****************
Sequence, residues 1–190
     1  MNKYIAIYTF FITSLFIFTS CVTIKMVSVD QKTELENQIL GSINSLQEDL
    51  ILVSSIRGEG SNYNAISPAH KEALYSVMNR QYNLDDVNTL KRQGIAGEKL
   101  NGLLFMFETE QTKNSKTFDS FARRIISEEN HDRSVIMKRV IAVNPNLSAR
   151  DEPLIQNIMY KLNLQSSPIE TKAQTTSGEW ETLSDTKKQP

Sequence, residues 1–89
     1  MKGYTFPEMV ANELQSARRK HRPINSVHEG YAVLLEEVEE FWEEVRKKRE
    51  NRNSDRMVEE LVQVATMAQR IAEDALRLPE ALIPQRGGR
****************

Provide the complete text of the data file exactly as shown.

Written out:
Sequence, residues 1–190
     1  MNKYIAIYTF FITSLFIFTS CVTIKMVSVD QKTELENQIL GSINSLQEDL
    51  ILVSSIRGEG SNYNAISPAH KEALYSVMNR QYNLDDVNTL KRQGIAGEKL
   101  NGLLFMFETE QTKNSKTFDS FARRIISEEN HDRSVIMKRV IAVNPNLSAR
   151  DEPLIQNIMY KLNLQSSPIE TKAQTTSGEW ETLSDTKKQP

Sequence, residues 1–89
     1  MKGYTFPEMV ANELQSARRK HRPINSVHEG YAVLLEEVEE FWEEVRKKRE
    51  NRNSDRMVEE LVQVATMAQR IAEDALRLPE ALIPQRGGR